Appreciate the Gifts and Differences

IMG_20191127_0553Perfectionism rears its ugly head at the weirdest times. At least for me. I have tried very hard for the last 15 years or so to let that part of me go. I know striving for perfection can only lead to frustration and, in severe cases, depression. At the very least it can lead to an increase of anxiety and stress.

But as hard as I try, I find myself thinking bad about what I do when something doesn’t turn out the way I think it should. You know, perfect. I tend to compare my work to what others do and become embarrassed about giving others sub par work.

In this instance, it was my wrapping skills. I’ve known how to wrap a present since I was a kid. It was something my mother knew how to do exceptionally well so she taught me how to do it too. It’s something I’ve always enjoyed doing. There’s something so festive about wrapped presents.

If there’s one thing I’ve learned, though, in my short time on this Earth it’s that no matter how well I do something there will always be someone who can do what I do. And most of the time they will do it better than me. That is why perfection is a destructive delusion.

Or lie, if I’m being blunt.

Think about it, if achieving perfection was possible then there wouldn’t be anyone who could do anything better than anyone else. Sure there might still be a slight learning curve for first-timers but nothing like we have now. Comparing ourselves to others wouldn’t be so self-destructive.

But that’s not reality. In reality, while I can wrap a package with some degree of competence, there are others out there who should wrap packages professionally. I know on a rational, logical level that just because someone is better at something than me that doesn’t make me less of a person. It doesn’t really have anything to do with me.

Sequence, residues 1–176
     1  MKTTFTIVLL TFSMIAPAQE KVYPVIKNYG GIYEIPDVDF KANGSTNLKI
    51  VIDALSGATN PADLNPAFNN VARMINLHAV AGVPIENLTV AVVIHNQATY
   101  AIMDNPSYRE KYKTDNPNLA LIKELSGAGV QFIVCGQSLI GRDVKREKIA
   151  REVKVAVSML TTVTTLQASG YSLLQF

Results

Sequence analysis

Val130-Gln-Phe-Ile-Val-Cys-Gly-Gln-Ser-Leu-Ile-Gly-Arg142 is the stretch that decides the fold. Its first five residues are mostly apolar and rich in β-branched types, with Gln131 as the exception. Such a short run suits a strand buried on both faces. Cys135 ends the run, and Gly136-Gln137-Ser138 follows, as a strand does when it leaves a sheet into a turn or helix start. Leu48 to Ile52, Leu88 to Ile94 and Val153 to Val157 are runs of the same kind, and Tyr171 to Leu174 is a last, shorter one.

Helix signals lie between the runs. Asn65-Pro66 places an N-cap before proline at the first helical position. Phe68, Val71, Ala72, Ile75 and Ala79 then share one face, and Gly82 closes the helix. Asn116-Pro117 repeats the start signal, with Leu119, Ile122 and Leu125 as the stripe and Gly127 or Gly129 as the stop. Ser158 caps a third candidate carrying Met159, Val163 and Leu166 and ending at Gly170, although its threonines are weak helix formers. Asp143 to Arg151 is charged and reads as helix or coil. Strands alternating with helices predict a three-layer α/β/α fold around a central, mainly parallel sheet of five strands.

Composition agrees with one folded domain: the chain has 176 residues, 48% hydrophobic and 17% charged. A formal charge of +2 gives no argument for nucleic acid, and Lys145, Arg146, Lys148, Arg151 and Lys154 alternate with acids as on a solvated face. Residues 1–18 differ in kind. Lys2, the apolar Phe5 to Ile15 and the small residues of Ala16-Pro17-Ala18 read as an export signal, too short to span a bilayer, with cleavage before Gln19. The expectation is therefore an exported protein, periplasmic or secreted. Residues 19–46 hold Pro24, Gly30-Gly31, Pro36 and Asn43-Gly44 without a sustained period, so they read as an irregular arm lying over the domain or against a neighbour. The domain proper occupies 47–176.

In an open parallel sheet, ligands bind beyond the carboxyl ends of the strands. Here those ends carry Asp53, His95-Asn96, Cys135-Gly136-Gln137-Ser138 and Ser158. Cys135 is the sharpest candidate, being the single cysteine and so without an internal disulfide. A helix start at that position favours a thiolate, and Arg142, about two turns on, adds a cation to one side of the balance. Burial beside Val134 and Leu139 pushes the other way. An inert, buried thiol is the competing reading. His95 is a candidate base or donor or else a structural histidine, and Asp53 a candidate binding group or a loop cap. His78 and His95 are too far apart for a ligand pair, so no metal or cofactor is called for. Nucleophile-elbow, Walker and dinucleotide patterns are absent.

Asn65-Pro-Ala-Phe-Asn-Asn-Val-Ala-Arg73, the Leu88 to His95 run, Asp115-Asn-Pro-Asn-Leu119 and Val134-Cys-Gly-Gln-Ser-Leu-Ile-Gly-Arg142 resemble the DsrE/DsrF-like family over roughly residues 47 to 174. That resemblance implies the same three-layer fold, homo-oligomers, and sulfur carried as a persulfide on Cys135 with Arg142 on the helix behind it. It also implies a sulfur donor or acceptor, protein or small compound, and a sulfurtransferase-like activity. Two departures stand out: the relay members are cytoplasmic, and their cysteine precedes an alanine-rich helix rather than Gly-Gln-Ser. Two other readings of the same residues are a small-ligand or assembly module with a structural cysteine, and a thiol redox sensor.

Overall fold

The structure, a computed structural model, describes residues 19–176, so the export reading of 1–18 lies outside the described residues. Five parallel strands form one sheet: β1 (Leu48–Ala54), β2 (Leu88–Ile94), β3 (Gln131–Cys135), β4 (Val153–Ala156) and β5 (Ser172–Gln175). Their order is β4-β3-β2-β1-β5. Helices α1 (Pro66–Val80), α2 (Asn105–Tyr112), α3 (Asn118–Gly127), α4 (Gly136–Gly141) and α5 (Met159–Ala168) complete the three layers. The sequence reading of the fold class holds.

There won’t be extra gold stars when the ride is over for anyone who happens to wrap the ‘perfect’ present or do anything else perfectly for that matter. Just like there won’t be extra punishment for those who fell short. So beating myself up now because I don’t compare to someone else or anything they do is kind of pointless and counter-productive.

As I sit here looking at my not-so-perfectly wrapped presents I can’t help but smile. They reflect the lights from the tree beautifully and I can’t wait until they’re opened and the presents inside can be enjoyed. And that is the point. Not comparison, not what I get in return, not creating the ‘perfect’ holiday.

The point is to relax and enjoy the gifts we have while we share gifts with others. Focus on the beauty of our strengths, our differences so we can come together to create a stronger society. Let our strengths compliment others’ weaknesses and vice versa.

So I say this holiday season and every day after that we need to let go of the notion that true happiness can only be achieved through perfection and learn to appreciate the gifts and differences.

5 thoughts on “Appreciate the Gifts and Differences

  1. Reblogged this on WordyNerdBird and commented:
    I can relate to the feelings of inadequacy expressed by this blogger on so many levels: as a teacher, a writer, and as someone who has had to adjust to living with chronic pain and illness.

    I can’t do all the things I used to do so easily. My motivation to make things perfect creates perpetual conflict with my physical inability to achieve that.

    And yet, thankfully, there is still much that I can do.

    This post is a great reminder of the importance of doing things, rather than doing them perfectly, and of being present and engaged in the lives ofour family and friends. Thus, I repost it with heartfelt thanks to C.J. Langer for the very timely thoughts.

    Liked by 1 person

    • You’re very welcome! And thank you for the reblog. I cannot express my gratitude for all of the kind words. I am humbled that there are people out there that find my writing of value and can only hope to continue to be of service. Thanks again.

      Liked by 1 person

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